Water challenge: Aquifer’s decline on mind of feeder

Tom Jones knows he doesn’t know everything.

But he knows how to put the people who do know more than him together in the same room to find solutions to complex questions. And it’s this approach to problem solving that Jones hopes can find the answer to the most pressing issue of the Great Plains economy—the declining Ogallala Aquifer.

Jones is the managing partner of Hy-Plains Feed Yard, just outside of Montezuma, Kansas, in the heart of cattle-feeding country. His family has been finishing cattle for generations on corn irrigated by the Ogallala Aquifer. As such, they and their colleagues have been major economic drivers for the region. And everything good about living and working in western Kansas can trace back to that one resource, the Ogallala, Jones explained.

So, when he started to hear about declining levels in the aquifer, it got him to thinking. What would happen to the feedyard if it were to dry up? What would that mean for the economy of Montezuma?

But, most importantly, how could anyone ask one segment of agriculture over another to take an economic hit to preserve the resource for future generations to use?

The Kansas Department of Commerce asked those same questions in 2012 and found that the irrigated cropland over the Ogallala has a $5 billion value. It accounts for 10 percent of the Kansas economy and 4.3 percent of the jobs in the state.

Just one less irrigated acre over the Ogallala, according to KDC, will lead to:

• A loss of $2,200 per acre land resale value;

• 122.5 fewer bushels of corn per acre;

• Two fewer cattle on feed; and

• A loss of nearly $4,000 per acre per year.

The Ogallala question kept nagging at him, so Jones did what he does best—he put together a consortium of experts and put the feedyard’s resources to work.

“We need to invest in tomorrow, not just today,” Jones said. Governmental agencies and universities can do much, but even private entities, like his, could contribute to the solutions as well.

Feed suppliers

The first part of the complex challenge of the Ogallala is the irrigated farming economy that relies upon it. According to the Kansas Department of Agriculture, irrigated farmland accounts for 80 to 85 percent of the nearly 4 million acre feet of water used each year in the state. Of all the water used in Kansas each year, 90 percent is pumped from ground water sources.

About 3 million acres in Kansas are irrigated, and account for just over 25 percent of the total value of Kansas crop production. Over half of the irrigated land over the Ogallala is used to grow corn, and in 2012, according to the KDC, 68 percent of the corn produced in Kansas, or 258 million bushels, was grown on irrigation. It’s because of the higher value of crops grown that irrigated land values are about 30 percent higher than non-irrigated land values, according to the KDC, which then translates into higher tax bases for rural towns and counties.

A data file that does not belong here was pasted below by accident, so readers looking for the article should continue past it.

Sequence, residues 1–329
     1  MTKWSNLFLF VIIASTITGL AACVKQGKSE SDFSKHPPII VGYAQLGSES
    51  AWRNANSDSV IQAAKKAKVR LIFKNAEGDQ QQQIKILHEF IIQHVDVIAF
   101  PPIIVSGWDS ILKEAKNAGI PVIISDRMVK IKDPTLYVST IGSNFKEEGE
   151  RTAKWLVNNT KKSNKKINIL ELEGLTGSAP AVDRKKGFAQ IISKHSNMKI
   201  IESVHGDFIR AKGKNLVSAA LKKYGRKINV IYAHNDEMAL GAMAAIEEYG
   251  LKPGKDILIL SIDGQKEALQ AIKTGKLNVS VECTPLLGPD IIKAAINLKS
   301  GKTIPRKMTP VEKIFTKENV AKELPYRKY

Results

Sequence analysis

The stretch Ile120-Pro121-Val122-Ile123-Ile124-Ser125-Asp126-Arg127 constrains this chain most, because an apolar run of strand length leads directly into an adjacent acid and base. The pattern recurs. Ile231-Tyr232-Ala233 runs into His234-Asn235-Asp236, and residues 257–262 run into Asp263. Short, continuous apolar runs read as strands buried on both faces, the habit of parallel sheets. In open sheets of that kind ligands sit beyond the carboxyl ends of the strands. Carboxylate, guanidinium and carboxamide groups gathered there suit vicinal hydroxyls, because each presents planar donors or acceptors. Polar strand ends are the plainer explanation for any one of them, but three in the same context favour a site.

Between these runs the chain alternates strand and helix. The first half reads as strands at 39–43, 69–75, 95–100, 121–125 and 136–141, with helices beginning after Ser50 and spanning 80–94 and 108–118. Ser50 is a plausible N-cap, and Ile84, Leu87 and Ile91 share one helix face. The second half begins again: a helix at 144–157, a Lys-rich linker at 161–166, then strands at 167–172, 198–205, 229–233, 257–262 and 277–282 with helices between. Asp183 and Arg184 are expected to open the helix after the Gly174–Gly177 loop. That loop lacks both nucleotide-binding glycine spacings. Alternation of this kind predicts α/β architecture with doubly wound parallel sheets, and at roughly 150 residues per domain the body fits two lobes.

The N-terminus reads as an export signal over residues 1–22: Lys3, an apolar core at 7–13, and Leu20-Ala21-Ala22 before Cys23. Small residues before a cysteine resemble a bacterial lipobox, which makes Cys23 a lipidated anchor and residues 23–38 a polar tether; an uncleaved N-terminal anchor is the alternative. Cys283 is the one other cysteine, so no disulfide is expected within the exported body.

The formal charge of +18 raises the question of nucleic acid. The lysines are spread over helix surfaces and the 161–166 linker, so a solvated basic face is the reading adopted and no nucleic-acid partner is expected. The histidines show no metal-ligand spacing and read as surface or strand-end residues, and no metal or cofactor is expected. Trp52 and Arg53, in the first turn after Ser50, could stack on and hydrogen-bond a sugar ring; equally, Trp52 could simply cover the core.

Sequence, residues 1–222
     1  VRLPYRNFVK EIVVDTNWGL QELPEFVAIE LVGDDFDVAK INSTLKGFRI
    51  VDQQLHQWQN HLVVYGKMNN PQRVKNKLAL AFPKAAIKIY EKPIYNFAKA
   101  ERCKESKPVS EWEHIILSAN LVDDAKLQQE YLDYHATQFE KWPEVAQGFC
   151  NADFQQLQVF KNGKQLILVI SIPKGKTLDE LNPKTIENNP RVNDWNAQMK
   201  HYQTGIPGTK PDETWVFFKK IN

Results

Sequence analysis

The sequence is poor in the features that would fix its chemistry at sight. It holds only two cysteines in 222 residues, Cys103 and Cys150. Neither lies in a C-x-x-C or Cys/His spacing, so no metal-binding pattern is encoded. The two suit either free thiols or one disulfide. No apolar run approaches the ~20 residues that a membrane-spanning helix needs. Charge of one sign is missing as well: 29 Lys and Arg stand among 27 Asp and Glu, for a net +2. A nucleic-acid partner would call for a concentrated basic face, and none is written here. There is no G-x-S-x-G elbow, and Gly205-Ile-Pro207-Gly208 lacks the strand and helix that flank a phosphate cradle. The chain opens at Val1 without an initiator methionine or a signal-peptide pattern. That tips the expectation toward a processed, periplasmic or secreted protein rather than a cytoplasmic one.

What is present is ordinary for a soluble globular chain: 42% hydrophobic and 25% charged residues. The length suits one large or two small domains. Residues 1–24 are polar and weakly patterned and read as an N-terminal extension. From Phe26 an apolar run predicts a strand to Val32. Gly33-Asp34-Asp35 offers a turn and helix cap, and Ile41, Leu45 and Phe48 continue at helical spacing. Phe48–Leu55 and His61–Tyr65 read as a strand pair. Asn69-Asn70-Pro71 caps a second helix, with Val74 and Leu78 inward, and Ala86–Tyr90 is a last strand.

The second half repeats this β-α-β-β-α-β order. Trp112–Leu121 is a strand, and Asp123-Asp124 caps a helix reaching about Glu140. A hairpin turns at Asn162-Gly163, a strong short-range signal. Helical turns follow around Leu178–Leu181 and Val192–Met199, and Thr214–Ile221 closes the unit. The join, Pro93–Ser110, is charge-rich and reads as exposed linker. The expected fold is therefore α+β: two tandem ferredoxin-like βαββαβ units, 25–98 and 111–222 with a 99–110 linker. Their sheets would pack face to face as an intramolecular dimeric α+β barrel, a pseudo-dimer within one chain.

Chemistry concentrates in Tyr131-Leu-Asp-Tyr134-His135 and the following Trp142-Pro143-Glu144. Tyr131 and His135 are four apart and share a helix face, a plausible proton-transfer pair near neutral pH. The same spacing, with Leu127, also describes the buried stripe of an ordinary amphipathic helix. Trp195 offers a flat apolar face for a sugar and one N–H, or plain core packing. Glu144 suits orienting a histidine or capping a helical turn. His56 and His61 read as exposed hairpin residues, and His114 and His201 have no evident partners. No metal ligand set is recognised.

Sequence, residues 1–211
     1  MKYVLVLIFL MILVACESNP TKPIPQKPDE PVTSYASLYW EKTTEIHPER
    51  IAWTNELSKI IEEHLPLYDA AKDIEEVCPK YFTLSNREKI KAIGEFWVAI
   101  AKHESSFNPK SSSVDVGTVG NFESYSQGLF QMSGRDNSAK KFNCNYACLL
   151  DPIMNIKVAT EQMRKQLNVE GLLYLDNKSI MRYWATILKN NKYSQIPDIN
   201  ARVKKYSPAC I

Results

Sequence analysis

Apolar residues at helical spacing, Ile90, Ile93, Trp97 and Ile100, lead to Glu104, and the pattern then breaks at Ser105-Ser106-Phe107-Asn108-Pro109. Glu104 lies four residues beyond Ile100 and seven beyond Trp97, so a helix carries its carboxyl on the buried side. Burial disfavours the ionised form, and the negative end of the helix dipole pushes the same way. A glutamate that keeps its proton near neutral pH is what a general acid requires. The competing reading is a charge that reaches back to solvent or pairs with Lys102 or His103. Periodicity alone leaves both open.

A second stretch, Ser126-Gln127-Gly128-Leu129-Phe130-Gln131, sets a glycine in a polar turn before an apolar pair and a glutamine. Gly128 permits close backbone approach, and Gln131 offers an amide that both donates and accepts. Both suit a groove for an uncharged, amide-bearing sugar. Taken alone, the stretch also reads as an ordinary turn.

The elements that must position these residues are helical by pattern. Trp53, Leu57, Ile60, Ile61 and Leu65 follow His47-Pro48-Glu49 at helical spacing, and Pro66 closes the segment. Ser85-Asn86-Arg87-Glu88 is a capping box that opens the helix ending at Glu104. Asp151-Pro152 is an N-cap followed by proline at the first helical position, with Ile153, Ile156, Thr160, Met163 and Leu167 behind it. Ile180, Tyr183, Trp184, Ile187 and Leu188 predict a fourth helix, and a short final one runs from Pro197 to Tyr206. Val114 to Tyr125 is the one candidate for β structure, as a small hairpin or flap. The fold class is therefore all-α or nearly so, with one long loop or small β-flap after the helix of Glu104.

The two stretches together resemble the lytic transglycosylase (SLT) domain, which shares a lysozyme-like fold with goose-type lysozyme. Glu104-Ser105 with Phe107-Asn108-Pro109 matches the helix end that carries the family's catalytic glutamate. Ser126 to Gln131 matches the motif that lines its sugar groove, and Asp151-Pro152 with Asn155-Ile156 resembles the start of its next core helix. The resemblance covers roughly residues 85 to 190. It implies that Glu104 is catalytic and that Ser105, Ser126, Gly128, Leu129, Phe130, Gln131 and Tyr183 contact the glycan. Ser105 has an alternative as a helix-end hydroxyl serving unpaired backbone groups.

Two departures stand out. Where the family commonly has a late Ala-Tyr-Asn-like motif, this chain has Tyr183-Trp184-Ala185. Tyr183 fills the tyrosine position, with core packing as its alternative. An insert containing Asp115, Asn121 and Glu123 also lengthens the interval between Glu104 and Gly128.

Any conservation efforts for the Ogallala have to start at the farm level, but asking that one segment to shoulder the cost isn’t feasible, Jones explained. The KDC found in 2012 that just reducing applied water by 13 inches on an acre of irrigated corn can translate into a loss of about $140 an acre for a producer.

But, what if there was a way to introduce a cropping system that still retains the value of irrigated ground, conserves applied water, while improving soil health and can lead to more profitable beef cattle? That question led to Jones calling the Noble Research Institute in Ardmore, Oklahoma, and talking with Myriah Johnson about implementing research into new cropping systems on a few irrigated circles of corn in western Kansas.

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“The Noble Foundation is about conserving soil and water and helping farmers and ranchers be good stewards of the land,” Johnson explained. Since its inception the Noble Foundation has worked with seedstock producers to find best management practices in a grazing setting.

The research Noble will conduct with Hy-Plains and its farmer partners will try to find a cropping system under limited irrigation that can best utilize the water to grow a forage crop to be grazed by cattle. They’ll look at forage crops like triticale, forage sorghums, Bermuda and native grasses, among others, as well as implementing cover crops, to see just how many pounds of beef per unit of water they can produce. And the research will also try to answer just how long should a calf graze on this new system before it enters the finishing lot to find that optimal point of return per unit of water.

“We want to find how to produce more forage, while still improving soil organic matter and increasing water holding capacity of the soil and water filtration rates,” Johnson explained. In a region that is plagued by drought, she said increasing water holding capacity can improve the land’s ability to resist drought and recover quickly when drought does return.